Sony XE93 4K TV review: Latest picture tech unlocks HDR thrills

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The first new Sony TV for 2017, the 55-inch XE9305, sets a seriously high-tech tone.

Leading the way is the second-generation of Sony’s Slim Backlight Drive system, which uniquely places two LCD light plates in sequence to provide twice as much local light control as you get with typical edge-lit LCD TVs. This system is the only edge LED engine we’ve seen, in fact, that’s capable of lighting a bright object in the centre of the image without causing stripes of light bleed right across the screen.

The KD-55XE9305 also boasts Sony’s latest and greatest picture processing engine. The X1 Extreme chipset (first seen on Sony’s spectacular 65ZD9 flagship TV last summer) introduces a new dual database system for improving the way high definition sources are upscaled to 4K, and crucially carries enough processing horsepower to add support for the Dolby Vision high dynamic range (HDR) format via a future firmware update (Dolby Vision adds a layer of extra information to the HDR picture data to help TVs optimise the way they present it).

This chipset also drives the advanced local dimming system made possible by the Slim Backlight Drive+; Sony’s Triluminos colour engine for delivering a wider, more defined colour palette; and a rather brilliant feature called Super Bit Mapping that gets rid of the colour striping issues that can plague HDR playback with surprisingly many rival TVs.

Is the XE93 the 4K telly to plump for, given the wide array of competition available from Samsung, Panasonic and LG?

  • Android TV smart operating system
  • Chromecast built-in for Google Cast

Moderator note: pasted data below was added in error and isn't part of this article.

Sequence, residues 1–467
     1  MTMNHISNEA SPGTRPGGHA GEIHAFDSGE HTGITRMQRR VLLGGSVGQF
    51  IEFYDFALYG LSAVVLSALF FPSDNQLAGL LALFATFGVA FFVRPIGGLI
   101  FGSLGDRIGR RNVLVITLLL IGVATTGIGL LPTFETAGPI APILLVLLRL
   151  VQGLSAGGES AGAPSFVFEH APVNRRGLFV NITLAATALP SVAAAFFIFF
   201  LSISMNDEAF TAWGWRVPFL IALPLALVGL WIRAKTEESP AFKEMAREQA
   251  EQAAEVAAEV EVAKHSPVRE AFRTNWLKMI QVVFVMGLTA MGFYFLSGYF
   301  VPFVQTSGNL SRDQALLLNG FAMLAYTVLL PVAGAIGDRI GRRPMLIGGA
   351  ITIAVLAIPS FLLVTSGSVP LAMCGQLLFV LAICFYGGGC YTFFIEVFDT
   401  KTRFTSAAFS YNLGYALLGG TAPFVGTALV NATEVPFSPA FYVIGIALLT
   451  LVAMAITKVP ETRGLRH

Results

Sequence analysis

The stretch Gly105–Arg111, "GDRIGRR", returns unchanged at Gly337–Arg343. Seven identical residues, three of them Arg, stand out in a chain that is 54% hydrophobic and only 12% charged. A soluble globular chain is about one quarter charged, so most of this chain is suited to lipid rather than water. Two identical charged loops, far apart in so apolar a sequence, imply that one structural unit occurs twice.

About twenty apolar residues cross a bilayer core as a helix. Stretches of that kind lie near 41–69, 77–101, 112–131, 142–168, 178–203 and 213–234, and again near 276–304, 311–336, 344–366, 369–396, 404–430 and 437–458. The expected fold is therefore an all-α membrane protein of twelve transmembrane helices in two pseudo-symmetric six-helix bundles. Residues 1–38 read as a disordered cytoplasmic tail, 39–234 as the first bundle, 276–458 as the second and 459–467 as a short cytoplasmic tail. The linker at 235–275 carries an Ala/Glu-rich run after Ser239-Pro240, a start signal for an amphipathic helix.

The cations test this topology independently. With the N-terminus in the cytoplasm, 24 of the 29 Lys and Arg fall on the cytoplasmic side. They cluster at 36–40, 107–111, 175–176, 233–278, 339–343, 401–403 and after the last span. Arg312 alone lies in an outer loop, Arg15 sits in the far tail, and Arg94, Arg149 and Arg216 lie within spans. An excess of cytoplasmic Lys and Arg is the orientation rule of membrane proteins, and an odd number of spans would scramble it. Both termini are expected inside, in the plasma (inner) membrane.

For better or, in our opinion, worse, the 55XE9305’s smart features are all filtered through the clunky lens of Google’s Android TV platform. The latest version of Android TV found here is at least less buggy and less sluggish than previous versions, but it still features a horribly over-powering home screen, still seems far more focused on app quantity than app quality, still fails to offer enough customisation, and still doesn’t seem to understand that TV users generally have different priorities to phone users.

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Fortunately Sony has got round Android TV’s additional issues with failing to cover all of the UK’s big four catch-up TV platforms by adding the YouView platform to the Android TV mix. It’s worth noting, too, that Sony seems to have developed its own relationships with Netflix and Amazon outside of the Android platform, ensuring that both apps support HDR and native 4K streams.

At the time of writing the streamed HDR support only covers the industry standard HDR10 format, but presumably the XE93 be able to take advantage of Netflix and Amazons’ Dolby Vision shows too once the aforementioned software update turns up.

Sony’s new TVs are also confirmed as supporting the new Hybrid Log Gamma (HLG) format that’s expected to be widely used for HDR live broadcasting.

  • 4x HDMI, 3x USB, Ethernet, Wi-Fi
  • 55-inch: 232 x 715 x 40mm (stand: 282mm)
  • 65-inch: 1451 x 838 x 40mm (stand: 295mm)

The home for all the 55XE9305’s cutting-edge technology is an exercise in elegance and minimalism.

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The screen has a super-thin black frame edged in a subtle champagne metallic trim, and this champagne tone is continued into an appealing and robust centrally-mounted desktop stand that also provides some very effective cable management.

Connections fed by those cables are decently numerous, and include four HDMIs, three USBs and the now obligatory Ethernet port should you not want to use the built-in Wi-Fi instead.

  • HDR10 high dynamic range support